(Adds comment from board member)
By Ethan Lou
CALGARY, Alberta May 5 Lower oil prices and
alternative export routes are complicating negotiations for
shipper commitment for TransCanada Corp's Keystone XL
pipeline project, and the company does not have a firm deadline
for concluding the talks, Chief Executive Russell Girling said
Speaking at a shareholders meeting after the release of
better-than-expected quarterly profits, Girling said while
producers are still supportive, they have less money.
"A lot of water has gone under the bridge over the last
seven or eight years since we've proposed that project," he
U.S. President Donald Trump's administration approved
Keystone XL in March. The expansion increases the capacity of
the current Keystone system from Canada's oil-producing Alberta
province to the Gulf of Mexico.
Girling said the project may cost less than the $7 billion
previously forecast due to the current downturn for the sector.
A future lowering of U.S. corporate taxes, as proposed by
Trump, would benefit TransCanada, Canada's No. 2 pipeline
operator, as the company has substantial business in the United
States, Girling said.
He said such a reduction might free up cash for the company
to pursue new projects.
The Trump administration has also threatened changes to the
North American Free Trade Agreement (NAFTA), which could affect
the energy sector as Canada exports nearly all of its oil south.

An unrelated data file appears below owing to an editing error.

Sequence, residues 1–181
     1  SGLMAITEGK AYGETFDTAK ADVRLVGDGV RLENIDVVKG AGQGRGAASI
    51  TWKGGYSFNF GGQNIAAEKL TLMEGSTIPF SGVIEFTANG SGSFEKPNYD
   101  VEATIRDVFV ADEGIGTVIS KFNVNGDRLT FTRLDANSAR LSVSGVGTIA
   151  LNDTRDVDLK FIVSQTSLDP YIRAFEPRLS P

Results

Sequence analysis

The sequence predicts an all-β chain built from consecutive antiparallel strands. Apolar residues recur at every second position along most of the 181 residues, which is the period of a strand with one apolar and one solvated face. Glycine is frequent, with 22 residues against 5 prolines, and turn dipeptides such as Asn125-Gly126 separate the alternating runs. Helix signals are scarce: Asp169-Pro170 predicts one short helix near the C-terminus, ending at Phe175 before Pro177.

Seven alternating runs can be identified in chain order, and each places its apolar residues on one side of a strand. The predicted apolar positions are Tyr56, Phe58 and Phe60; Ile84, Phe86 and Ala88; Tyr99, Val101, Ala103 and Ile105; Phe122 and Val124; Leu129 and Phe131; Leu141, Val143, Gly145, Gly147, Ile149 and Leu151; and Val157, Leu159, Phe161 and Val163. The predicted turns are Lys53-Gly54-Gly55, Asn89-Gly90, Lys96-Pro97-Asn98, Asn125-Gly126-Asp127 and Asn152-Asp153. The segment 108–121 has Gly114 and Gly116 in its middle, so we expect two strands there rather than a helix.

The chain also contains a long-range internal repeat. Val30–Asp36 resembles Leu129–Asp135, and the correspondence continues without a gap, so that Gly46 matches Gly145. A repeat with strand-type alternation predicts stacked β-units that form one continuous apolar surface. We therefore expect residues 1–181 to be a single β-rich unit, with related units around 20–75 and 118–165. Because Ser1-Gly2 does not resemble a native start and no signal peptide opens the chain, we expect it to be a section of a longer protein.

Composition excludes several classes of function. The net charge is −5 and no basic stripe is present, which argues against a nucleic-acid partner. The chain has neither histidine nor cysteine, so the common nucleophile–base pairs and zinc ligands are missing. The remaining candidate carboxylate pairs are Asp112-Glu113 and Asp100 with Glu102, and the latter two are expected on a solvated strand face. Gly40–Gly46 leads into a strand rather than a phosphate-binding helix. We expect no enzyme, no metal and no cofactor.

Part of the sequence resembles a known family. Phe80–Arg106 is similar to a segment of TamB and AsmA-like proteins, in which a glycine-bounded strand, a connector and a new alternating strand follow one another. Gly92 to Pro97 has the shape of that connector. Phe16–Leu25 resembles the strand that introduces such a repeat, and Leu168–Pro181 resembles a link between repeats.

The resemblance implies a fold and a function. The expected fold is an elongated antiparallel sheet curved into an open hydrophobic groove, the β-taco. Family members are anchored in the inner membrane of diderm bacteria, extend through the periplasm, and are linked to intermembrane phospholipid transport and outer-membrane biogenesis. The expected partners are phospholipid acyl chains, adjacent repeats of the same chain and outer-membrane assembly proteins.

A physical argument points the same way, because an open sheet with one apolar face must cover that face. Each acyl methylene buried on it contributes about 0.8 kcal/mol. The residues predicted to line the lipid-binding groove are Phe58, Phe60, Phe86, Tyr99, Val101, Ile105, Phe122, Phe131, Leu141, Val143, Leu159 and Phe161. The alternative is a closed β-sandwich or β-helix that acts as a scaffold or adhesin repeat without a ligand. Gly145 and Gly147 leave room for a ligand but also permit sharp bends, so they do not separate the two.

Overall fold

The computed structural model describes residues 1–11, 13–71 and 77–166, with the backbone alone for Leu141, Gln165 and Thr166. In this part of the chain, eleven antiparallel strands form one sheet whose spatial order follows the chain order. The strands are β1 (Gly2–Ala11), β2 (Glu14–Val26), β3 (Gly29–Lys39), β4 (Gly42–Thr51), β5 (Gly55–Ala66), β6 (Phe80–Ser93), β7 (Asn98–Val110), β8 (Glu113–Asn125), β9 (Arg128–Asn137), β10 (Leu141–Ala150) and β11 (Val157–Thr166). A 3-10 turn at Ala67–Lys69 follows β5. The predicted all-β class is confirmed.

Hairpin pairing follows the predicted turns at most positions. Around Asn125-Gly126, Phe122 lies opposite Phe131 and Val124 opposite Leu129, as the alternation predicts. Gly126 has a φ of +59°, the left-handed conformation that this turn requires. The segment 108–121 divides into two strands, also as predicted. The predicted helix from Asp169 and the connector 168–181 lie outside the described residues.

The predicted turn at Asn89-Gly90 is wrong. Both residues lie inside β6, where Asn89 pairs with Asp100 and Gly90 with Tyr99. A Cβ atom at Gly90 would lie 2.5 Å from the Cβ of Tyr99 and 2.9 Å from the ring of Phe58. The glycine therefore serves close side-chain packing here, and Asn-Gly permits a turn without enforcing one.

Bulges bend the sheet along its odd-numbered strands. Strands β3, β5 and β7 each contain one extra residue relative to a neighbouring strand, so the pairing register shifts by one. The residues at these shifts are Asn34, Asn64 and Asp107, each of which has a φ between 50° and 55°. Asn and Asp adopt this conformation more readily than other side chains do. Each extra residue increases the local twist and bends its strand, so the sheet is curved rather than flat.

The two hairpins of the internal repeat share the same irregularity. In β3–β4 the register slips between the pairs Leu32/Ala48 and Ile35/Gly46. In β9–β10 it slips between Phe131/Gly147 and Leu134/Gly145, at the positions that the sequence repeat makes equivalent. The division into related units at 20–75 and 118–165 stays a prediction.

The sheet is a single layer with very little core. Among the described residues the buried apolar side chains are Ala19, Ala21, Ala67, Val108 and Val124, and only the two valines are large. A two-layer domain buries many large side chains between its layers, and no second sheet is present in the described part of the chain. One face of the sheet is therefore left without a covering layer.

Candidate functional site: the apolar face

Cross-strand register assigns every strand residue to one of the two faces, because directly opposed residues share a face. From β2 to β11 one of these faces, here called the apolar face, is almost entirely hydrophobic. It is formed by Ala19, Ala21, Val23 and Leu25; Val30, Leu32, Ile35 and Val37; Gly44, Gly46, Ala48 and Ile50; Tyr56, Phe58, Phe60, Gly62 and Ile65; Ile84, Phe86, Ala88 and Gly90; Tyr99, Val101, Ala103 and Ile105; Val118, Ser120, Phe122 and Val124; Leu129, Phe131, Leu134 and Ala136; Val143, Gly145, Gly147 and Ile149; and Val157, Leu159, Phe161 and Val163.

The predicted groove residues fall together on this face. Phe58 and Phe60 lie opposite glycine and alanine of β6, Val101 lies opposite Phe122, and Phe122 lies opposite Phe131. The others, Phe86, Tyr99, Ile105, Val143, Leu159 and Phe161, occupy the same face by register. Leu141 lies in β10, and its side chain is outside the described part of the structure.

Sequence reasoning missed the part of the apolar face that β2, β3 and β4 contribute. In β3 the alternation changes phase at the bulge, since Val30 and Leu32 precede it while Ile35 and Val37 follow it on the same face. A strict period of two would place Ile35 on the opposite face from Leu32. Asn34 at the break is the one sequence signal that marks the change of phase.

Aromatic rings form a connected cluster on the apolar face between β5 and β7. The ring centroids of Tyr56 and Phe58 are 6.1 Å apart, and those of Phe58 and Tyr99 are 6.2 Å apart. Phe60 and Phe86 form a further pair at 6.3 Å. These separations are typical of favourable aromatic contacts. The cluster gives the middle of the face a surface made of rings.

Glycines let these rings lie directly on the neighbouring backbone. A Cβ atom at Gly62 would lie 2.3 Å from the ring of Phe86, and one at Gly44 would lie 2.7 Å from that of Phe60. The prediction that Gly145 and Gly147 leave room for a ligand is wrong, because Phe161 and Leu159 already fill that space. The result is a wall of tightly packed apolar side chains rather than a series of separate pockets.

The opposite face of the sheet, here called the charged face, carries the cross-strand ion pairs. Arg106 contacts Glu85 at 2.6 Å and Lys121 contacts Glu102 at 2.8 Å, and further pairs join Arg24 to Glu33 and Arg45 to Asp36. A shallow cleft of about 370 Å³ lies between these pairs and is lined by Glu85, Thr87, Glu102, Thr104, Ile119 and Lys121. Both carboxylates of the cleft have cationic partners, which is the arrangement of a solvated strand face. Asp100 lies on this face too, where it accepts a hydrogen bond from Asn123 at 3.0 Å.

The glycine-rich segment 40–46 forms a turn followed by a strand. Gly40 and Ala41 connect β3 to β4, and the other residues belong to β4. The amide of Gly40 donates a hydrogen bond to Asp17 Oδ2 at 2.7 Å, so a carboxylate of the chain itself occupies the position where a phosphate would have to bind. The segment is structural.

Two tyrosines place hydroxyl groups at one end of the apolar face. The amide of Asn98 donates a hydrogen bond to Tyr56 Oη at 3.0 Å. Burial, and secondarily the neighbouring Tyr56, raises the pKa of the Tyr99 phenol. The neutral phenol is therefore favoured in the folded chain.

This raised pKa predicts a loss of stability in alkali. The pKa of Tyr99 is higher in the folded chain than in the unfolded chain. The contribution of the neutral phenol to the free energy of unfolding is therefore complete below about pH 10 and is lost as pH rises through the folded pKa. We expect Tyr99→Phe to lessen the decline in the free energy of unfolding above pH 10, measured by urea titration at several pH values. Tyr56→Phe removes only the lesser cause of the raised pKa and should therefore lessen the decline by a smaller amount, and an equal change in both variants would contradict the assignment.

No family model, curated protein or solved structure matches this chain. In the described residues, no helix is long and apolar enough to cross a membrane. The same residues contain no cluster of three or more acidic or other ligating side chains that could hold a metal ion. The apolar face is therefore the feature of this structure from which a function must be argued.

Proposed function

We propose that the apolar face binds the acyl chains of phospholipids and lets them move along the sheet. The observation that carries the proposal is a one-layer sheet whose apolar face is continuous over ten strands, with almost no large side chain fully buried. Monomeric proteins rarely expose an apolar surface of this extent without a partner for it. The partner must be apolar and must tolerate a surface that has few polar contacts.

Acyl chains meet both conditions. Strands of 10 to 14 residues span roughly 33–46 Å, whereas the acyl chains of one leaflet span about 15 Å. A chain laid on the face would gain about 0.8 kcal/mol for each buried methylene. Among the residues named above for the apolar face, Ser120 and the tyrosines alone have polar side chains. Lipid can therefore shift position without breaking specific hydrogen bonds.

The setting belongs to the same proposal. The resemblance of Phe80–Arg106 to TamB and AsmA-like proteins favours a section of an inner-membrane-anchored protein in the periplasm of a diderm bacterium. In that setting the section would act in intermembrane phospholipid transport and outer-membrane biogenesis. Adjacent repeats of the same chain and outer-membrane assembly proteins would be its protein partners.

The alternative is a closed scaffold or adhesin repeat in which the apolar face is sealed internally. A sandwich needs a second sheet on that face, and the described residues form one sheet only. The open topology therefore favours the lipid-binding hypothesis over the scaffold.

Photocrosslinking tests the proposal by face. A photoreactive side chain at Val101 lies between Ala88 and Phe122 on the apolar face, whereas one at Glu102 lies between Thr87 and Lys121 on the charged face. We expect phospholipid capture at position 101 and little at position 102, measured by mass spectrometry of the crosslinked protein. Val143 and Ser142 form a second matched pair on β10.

TransCanada board member Derek Burney, directly involved
with former NAFTA talks and informally advising the current
government on the issue, said the sector should not worry as it
is unclear what Trump wants and Canada will be firm on
Earnings from TransCanada's U.S. natural gas pipelines more
than doubled the past quarter, helped by its acquisition of
Columbia Pipeline Group Inc last year for about $13 billion.
Profit from its Mexico natural gas pipelines rose about 162
percent to C$118 million ($86.5 million).
The company's net profit attributable to shareholders rose
to C$643 million, or 74 Canadian cents per share, in the first
quarter ended March 31 from C$252 million, or 36 Canadian cents
per share, a year earlier.
The quarter included about C$48 million in charges, mainly
related to the acquisition of Columbia Pipeline Group. The
year-ago quarter included charges of about C$211 million, mainly
related to the termination of Alberta power purchase agreements.
Excluding items, the company earned 81 Canadian cents per
share, beating analysts' average estimate of 74 Canadian cents
per share, according to Thomson Reuters I/B/E/S.
($1 = 1.3775 Canadian dollars)
(Reporting by Ethan Lou in Calgary, Alberta, Arathy S Nair in
Bengaluru; Editing by Frances Kerry)